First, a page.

Sunday, December 16, 2007


by Amy Bloom
Lillian Leyb has come a long way. Something nightmarish has happened to her, far away in the Russian village where she grew up, and we learn of it just that way, in her nightmares; she's reluctant to talk about it with anyone. She's got a new life now, in New York City, and things seem to be going well. With only a very bare-bones English vocabulary, she charms her way into employment, and then into a plush life as mistress to both a handsome star of Jewish theatre and his father. But when a voice from the past gives her a bit of heart-wrenching news, she knows her journey has only just begun.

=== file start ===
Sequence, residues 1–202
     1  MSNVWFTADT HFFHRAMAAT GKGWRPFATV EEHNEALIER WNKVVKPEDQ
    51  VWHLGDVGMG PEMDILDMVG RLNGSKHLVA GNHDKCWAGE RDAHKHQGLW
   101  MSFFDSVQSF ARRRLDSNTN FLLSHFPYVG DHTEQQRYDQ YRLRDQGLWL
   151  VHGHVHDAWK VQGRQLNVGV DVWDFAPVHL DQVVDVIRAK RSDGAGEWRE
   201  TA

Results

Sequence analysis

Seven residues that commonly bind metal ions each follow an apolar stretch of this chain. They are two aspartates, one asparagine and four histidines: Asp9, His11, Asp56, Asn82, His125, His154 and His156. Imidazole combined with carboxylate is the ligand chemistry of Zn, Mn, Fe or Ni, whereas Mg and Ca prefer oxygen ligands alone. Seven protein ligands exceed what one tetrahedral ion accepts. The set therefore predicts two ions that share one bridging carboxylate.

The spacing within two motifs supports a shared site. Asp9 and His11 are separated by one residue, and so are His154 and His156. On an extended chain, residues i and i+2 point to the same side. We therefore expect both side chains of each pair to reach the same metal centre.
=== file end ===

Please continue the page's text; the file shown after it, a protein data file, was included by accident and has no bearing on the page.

But of course, Away is not the sort of book you read to find out what happens next. For the reader, as for Lillian, it's all in the journey. Bloom finds the magic and the heartbreak (and, often, the humor) in every situation, and Lillian's hope and despair bleed into us. Away feels somewhere between a novel and a sequence of linked short stories, but she uses her skills to flesh out whole lifetimes in brief, brilliant, flash-forwards. No one Lillian Leyb touches remains unaffected.

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